Coach Jeff

Written by Coach Jeff

1 COMMENTS

Do You Make these Simple Stretching Mistakes as a Runner?

Finally! An article that clears this up! Is stretching beneficial for runners? If so, what is the best way for you to stretch? We show you when and how to stretch to feel better on your runs.While no one would argue that a good diet and a reliable marathon training schedule are invaluable in preventing injuries, there’s a surprising amount of controversy regarding the role of stretching.

Some people swear by it, while others shun it.

Of those who do stretch, some emphasize stretching before working out, while others stretch only after exercise. Let’s look at what research says about the role of stretching in preventing injuries.

To Stretch or Not to Stretch?

In one of the largest studies conducted on the importance of stretching, Dr. Herbert Pope concluded that stretching before physical activity had no effect on injury frequency in athletes.

This finding is consistent with several other studies that have demonstrated that stretching, particularly stretching before activity, plays little to no role in injury prevention.

However, this study failed to include the effects of stretching after exercise.

Luckily, in 2005, a group of Australian doctors set up a study to measure the effects of stretching after exercise and whether it reduced hamstring injuries. At the end of the study, the stretching program decreased hamstring injury rates from an average of 10 athletes per season to three athletes per season.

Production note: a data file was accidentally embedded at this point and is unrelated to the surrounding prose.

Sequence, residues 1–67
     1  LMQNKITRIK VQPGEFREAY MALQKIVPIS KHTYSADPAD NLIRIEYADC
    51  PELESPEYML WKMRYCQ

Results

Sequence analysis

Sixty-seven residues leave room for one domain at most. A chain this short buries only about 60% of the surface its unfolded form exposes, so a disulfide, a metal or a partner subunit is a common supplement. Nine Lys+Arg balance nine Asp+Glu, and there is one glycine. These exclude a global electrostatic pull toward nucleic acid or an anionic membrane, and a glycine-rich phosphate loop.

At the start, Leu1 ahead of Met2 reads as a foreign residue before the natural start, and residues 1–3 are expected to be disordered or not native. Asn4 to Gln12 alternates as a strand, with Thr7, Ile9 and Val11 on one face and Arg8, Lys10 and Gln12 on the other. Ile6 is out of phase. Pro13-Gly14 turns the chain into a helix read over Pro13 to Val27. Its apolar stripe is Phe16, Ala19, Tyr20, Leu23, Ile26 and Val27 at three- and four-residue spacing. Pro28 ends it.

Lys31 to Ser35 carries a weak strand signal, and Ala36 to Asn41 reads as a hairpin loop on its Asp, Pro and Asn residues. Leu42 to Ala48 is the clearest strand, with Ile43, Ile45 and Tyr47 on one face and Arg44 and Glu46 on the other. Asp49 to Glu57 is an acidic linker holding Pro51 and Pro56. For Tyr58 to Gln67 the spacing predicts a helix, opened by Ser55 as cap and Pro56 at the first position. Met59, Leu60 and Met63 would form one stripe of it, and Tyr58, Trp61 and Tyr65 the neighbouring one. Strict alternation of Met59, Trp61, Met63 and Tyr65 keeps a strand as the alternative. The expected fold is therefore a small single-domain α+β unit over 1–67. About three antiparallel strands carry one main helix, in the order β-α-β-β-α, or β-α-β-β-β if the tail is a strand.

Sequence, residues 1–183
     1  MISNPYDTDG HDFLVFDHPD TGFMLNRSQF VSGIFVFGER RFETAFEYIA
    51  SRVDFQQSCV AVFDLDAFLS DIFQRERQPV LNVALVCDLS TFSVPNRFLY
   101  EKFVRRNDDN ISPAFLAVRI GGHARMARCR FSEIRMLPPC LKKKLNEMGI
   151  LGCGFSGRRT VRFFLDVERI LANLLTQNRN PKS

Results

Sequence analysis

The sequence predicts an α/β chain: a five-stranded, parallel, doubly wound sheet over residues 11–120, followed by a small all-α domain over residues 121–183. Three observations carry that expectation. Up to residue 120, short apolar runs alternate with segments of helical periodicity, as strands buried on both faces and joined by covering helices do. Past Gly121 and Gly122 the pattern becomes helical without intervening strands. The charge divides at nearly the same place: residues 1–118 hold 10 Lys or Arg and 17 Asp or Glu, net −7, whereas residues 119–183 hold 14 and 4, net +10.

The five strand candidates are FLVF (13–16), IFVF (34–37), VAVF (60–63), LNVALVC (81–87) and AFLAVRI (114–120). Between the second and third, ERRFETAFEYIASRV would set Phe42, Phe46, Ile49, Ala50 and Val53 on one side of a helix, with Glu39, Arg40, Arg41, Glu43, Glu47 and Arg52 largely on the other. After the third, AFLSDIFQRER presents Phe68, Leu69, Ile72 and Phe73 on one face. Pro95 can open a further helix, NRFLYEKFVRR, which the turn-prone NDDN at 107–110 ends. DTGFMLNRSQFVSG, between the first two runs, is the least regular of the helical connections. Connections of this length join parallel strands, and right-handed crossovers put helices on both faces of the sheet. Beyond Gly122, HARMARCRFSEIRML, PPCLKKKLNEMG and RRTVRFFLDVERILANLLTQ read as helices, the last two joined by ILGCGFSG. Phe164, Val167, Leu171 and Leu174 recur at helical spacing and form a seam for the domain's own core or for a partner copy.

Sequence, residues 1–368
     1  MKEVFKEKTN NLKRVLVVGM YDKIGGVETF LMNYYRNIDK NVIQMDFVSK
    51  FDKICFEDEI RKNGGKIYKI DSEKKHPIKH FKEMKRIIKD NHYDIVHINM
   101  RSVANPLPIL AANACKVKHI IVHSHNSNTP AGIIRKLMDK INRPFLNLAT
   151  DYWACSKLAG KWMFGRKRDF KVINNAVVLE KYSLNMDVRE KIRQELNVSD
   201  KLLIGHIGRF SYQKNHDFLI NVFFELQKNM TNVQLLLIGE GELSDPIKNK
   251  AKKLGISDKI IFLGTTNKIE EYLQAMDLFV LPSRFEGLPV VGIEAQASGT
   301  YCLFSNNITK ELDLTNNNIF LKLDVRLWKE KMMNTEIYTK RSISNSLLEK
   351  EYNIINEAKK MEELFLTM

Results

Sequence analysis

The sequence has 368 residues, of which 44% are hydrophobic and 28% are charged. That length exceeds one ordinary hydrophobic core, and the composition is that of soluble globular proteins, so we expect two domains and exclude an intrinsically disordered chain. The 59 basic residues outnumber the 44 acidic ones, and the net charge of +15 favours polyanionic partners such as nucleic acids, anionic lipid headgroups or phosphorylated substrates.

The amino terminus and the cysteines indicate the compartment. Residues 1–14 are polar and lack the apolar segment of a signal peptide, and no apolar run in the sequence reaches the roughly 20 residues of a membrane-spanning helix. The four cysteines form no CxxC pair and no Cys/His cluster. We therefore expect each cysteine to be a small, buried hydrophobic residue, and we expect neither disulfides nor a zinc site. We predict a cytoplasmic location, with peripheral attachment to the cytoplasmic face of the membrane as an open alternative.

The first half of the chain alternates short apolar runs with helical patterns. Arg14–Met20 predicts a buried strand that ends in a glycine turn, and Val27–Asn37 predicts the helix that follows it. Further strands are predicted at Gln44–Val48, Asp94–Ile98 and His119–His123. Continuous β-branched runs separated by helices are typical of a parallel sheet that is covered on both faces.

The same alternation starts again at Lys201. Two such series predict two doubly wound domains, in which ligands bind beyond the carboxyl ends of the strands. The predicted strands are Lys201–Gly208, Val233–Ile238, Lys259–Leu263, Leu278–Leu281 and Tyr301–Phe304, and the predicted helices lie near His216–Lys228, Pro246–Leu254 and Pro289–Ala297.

Also, the number of days lost from competition was reduced from 35 days in the no-stretch group to 10 days in the stretching group.

Not only did this study show that stretching after exercise was beneficial, these findings are consistent with other studies that demonstrate that muscle tightness is a predictor of injury and that increasing flexibility by stretching reduces injury rates.

So now that we have proven that stretching after exercise does help prevent injuries, the question remains as to what type of stretching is best suited to accomplishing this result?

Research has proven that stretching with mild to moderate force for 15-30 seconds two to three times is the most effective method to increase muscle length and reduce injury. There were no additional benefits to stretching to the point of pain, longer than 35 seconds or more than 4 times.

What do the Findings Conclude About Stretching and Running?

1. Avoid pre-exercise stretching. We covered this in further detail in another post, Is Stretching Before Running Bad?

2. Stretch after a light warm-up. A proper warm-up consists of slowly jogging (or even walking) for the first five minutes of your run, followed by some dynamic stretching exercises. This approach increases circulation and warms your muscles gradually without over-stressing them.

3. Never stretch to the point of discomfort.

After your run, perform a few 15- to 30-second stretches on each of the major muscle groups.

Never push the stretch to the point of discomfort. It’s better to hold a stretch for 15 seconds and repeat it throughout the day than to spend long periods stretching specific muscles.

Stay tuned for a stretching guide and routine designed specifically for the muscle groups involved in running.

Free Run Faster Course

Learn How to Train Smarter and Run Faster Using the Latest Science and Proven Workouts

Here’s what you'll learn in this course

The scientific demands of your race distance so you know exactly how to target your workouts and training.

6 Race specific workouts that will help up you crush your next race

The most common mistakes you're making in training and in your race plan (and how to fix them)

References

Connect with Jeff Gaudette on Google+

One Response on “Do You Make these Simple Stretching Mistakes as a Runner?

  1. Pingback: Suzlyfe - The Five R's Of Post Run Recovery (Giveaway) - Suzlyfe

Leave a Reply

Your email address will not be published. Required fields are marked *

Adding new comments is only available for RunnersConnect Insider members.



Already a member? Login here

Want to become an Insider for free? Register here